Tuesday, July 4, 2017

The Final Word

Rabbi Ron Yitzchak Eisenman 

When dealing with grief and mourning, if there is one ‘rule’ which always applies it is that there are no rules which are always applicable.

There is nothing more personal and more individual than how we all cope with grief.

There are people who want to ‘talk out’ their pain and there are those who are taciturn and reticent.

Therefore, if there is one area in the Rabbinate in which I tiptoe my way around people and their feelings, it always involves mourning and grief.

Especially difficult is when I have to navigate and sometimes choreograph end of life moments.

Parents often take advantage of a final meeting to attempt to impart some important lesson and/or attempt to reconcile and smooth over repressed resentment which was held on to far too long.

When Jack Rubinoff (name changed) was preparing for his final journey, he asked for his three children, Chaim, the oldest, who lived nearby; Leah, his only daughter who was in Lakewood and Doniel, his youngest who was living ‘out of town’, to come and say their good-byes.

Jack, in the absence of his wife who had passed away five years ago, asked me to be around his home when they arrived. As he put it, “Rabbi, you will be the chargé d'affaires.”

I understood very well why Jack needed me there.

Jack was ‘old school’ when it came to parenting.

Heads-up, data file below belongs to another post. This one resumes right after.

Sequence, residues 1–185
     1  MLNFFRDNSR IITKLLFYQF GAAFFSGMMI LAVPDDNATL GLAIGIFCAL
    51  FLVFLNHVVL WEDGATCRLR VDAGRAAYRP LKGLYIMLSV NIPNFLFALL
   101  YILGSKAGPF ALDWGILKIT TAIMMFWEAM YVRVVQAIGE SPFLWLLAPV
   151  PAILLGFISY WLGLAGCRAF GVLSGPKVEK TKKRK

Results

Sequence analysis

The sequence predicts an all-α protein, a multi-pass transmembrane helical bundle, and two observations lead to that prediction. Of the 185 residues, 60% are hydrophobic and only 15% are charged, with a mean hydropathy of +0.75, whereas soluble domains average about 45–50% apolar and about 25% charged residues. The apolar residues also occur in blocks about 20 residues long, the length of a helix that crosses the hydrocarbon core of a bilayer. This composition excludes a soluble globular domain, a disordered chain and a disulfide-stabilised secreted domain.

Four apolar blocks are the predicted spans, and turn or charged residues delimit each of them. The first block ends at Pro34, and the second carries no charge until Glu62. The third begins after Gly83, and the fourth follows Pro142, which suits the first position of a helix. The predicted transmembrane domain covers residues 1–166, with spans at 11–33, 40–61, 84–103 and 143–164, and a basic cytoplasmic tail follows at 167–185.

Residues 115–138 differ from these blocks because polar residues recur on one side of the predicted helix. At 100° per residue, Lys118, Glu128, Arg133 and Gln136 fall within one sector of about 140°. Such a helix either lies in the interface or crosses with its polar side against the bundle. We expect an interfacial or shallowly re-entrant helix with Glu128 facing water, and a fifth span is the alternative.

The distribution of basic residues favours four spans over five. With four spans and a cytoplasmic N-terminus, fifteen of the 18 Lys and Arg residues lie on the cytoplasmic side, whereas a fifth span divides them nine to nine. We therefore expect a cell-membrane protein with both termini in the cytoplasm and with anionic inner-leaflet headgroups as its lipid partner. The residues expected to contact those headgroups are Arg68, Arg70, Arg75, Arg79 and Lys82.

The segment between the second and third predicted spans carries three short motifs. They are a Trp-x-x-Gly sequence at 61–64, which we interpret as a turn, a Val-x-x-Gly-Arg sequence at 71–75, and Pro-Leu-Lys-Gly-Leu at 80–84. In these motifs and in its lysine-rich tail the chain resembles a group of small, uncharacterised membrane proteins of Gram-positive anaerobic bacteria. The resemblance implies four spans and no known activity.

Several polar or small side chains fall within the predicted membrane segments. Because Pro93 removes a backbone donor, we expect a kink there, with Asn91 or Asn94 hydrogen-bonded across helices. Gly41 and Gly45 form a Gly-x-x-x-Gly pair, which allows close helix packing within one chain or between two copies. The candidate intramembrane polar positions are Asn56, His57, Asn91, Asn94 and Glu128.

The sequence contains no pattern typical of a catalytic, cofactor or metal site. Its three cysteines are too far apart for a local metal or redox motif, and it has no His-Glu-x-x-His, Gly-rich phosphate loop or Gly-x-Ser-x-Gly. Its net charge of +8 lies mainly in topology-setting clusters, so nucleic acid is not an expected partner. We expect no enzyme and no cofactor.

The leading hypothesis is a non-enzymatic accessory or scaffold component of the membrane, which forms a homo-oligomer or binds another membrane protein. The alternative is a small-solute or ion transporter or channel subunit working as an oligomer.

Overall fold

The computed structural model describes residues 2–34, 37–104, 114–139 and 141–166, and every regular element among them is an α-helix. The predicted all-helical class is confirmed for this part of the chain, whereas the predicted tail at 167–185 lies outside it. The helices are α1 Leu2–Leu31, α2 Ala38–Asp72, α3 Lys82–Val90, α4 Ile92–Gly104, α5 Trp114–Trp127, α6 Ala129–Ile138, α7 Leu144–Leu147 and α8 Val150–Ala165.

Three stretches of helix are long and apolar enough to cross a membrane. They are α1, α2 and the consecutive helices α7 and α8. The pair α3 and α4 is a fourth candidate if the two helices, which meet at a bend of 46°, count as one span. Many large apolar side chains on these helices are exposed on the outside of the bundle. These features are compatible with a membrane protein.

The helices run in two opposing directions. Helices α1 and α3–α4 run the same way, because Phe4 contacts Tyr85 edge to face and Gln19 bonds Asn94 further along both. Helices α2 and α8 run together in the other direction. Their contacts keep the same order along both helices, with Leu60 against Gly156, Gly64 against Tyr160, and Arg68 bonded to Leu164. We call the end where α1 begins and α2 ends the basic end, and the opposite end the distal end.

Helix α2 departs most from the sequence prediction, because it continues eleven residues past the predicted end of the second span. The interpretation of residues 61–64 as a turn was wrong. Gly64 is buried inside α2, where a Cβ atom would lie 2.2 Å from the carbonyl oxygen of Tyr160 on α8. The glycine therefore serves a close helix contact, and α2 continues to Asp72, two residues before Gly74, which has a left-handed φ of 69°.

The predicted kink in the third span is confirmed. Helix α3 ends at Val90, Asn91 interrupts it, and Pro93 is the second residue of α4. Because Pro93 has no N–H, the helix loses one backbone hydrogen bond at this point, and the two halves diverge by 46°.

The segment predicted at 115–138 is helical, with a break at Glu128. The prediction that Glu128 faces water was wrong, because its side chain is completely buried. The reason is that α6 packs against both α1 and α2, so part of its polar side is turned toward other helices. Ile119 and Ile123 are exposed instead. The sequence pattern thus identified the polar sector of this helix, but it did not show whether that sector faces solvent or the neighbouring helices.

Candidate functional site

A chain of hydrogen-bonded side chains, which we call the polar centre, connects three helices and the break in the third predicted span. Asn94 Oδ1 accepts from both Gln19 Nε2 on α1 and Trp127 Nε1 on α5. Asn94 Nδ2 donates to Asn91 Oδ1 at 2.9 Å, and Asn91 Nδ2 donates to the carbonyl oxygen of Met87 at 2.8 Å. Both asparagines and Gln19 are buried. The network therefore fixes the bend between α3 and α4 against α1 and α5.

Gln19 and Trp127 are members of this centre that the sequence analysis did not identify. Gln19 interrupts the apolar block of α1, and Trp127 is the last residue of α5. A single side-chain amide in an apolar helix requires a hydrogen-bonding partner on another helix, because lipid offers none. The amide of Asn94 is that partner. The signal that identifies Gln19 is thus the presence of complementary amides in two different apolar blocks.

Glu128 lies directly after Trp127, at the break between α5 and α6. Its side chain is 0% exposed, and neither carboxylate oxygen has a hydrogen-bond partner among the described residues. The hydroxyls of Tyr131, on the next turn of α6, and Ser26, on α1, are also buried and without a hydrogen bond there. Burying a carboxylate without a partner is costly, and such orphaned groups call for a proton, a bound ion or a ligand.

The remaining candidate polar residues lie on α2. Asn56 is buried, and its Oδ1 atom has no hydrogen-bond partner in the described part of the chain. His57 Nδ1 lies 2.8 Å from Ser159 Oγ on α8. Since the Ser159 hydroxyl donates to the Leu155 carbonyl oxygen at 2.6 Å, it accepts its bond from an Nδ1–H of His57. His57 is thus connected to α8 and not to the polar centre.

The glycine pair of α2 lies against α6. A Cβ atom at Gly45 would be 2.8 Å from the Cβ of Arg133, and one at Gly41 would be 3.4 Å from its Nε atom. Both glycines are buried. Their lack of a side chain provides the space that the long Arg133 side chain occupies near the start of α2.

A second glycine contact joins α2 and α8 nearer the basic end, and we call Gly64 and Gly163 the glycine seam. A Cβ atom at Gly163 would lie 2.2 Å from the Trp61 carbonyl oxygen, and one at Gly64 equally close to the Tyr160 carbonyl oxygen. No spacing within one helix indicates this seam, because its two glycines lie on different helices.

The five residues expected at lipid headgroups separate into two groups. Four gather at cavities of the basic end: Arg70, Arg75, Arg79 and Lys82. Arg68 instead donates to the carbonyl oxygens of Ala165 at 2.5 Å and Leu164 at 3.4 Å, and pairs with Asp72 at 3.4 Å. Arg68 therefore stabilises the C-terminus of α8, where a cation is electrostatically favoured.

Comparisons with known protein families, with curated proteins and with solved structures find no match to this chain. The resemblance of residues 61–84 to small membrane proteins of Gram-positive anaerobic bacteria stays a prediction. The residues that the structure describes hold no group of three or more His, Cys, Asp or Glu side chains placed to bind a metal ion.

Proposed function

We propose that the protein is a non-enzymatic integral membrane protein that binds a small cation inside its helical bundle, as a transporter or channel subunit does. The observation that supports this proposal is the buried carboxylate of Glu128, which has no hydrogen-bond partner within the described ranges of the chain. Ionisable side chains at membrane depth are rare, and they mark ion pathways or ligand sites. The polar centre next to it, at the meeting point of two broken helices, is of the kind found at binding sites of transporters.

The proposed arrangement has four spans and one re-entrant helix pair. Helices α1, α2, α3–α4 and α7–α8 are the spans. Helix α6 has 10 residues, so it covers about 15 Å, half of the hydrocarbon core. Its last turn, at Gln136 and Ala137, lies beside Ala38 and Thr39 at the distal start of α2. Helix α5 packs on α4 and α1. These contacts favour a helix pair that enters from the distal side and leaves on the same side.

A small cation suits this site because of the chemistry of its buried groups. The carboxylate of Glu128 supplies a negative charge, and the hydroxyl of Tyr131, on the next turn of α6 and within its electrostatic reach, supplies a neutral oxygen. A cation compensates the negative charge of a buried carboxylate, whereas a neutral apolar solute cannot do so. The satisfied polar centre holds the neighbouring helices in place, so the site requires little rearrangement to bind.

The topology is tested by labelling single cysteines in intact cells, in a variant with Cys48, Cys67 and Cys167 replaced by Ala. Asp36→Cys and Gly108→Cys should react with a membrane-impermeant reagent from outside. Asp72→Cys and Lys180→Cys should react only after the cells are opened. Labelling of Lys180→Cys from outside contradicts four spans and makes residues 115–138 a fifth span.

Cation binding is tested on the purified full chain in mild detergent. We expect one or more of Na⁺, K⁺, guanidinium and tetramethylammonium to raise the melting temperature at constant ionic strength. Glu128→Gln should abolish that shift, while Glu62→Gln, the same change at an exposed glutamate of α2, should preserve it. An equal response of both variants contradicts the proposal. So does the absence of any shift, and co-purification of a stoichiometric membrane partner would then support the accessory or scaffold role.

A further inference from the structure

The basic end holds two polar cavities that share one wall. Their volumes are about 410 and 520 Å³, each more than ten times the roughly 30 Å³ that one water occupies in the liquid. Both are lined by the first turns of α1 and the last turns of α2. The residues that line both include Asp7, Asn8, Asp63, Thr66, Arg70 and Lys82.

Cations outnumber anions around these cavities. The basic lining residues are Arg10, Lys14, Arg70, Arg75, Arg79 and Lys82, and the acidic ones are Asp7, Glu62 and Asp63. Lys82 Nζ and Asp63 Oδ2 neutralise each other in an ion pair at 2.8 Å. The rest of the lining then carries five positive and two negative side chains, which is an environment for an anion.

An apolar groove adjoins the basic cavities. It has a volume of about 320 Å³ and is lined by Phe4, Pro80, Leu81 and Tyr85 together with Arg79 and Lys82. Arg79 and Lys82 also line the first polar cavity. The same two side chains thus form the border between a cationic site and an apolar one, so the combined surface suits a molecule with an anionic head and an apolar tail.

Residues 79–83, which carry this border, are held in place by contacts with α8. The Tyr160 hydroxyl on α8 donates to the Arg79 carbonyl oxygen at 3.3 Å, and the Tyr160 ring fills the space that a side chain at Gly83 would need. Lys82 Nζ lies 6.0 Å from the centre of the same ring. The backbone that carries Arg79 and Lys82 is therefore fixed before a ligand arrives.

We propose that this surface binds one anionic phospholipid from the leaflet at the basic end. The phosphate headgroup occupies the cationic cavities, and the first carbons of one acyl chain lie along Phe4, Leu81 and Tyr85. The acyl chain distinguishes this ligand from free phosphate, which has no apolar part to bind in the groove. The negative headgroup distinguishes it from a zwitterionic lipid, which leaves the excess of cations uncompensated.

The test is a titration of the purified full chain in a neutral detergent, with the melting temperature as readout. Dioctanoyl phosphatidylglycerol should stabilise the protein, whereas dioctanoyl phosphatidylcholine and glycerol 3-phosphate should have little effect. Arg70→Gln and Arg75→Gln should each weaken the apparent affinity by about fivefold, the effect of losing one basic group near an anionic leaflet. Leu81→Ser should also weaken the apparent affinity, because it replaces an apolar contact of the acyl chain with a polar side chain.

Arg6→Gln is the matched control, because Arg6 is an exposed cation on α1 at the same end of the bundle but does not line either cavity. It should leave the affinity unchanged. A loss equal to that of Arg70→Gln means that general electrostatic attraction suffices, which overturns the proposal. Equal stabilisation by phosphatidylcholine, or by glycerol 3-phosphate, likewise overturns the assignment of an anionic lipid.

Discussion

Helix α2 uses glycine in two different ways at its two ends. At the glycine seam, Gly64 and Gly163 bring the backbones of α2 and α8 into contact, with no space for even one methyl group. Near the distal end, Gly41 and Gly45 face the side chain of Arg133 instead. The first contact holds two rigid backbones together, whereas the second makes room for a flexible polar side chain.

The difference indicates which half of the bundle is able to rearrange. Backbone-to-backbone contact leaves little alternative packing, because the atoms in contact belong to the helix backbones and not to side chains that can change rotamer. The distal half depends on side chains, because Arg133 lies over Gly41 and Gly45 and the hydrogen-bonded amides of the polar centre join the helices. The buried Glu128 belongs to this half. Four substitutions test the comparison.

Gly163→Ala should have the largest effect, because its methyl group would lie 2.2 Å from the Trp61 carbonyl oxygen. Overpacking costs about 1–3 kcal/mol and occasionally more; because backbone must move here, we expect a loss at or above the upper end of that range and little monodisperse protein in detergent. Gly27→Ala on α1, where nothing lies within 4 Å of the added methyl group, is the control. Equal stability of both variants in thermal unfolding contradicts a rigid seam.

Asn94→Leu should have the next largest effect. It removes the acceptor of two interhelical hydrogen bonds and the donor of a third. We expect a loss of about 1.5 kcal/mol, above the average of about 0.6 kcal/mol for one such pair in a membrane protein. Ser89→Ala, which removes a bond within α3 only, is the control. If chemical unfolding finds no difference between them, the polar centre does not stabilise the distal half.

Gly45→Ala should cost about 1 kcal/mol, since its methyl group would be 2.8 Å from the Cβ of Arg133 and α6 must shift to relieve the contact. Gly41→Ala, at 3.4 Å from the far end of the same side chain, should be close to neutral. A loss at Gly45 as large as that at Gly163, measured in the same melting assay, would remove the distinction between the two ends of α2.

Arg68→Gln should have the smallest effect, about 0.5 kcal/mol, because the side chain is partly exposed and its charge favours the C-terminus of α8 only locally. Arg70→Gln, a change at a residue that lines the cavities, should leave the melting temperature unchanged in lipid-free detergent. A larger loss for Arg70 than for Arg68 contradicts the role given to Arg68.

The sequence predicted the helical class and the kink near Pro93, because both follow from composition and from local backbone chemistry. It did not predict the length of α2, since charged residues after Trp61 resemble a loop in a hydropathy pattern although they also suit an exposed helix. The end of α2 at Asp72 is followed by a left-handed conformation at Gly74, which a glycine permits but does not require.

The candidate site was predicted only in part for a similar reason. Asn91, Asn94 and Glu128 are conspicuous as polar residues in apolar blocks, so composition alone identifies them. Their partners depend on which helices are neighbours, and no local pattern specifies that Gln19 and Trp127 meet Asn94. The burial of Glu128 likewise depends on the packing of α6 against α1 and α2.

He believed in a strict division of labor in his house; as he went to work every day in Manhattan and he expected when he arrived home at 7 that his children could be seen; however, they should not be heard until after he finished his dinner.

When he was younger in the early days of the marriage, he spent some time doing homework with Chaim and Leah; however, by the time Doniel was born, Jack was a senior vice-president at the firm and had little time and even less patience for the attention-starved youngster.

Therefore, is some ways, the father whom Chaim and Leah grew up with was a different father than the one Doniel knew.

Chaim and Leah still remembered a father who would take them on walks and spend quality time with them.

The father Doniel knew was aloof and distant; a man absorbed in his work with little patience for his precocious child.

I was therefore most concerned what would happen when Doniel arrived to depart from his father.

Unfortunately, by the time Doniel came, Jack was on a respirator to assist his breathing; he could no longer verbally communicate, however, he was totally lucid.

Doniel entered the room of his dying father and both preferred that I didn’t leave them alone.

Jack handed me a piece of paper on it was written in the semi-legible handwriting of man whose strength was being sapped from him- the following words, “Doniel, I so wish we would have had more time to talk and to share good times together.”

This was Jack’s last chance to make amends and to connect with the son he knew he had neglected.

It was his final attempt at reconciling with the son he never really knew.

I handed Doniel the note.

He looked at it as if it was a daf Gemara; his face twisted in deep thought and concentration.

Finally, Doniel took out his pen, scribbled something, handed me back the note and quickly left the room, his eyes tearing.

As I handed Jack the note his eyes began to swell with tears which soon began to cascade down his cheeks in a torrent.

He dropped the note and it fell onto the floor.

As I bent down to pick it up, I saw that just two words were written by Doniel.

The two words were, “Me too.”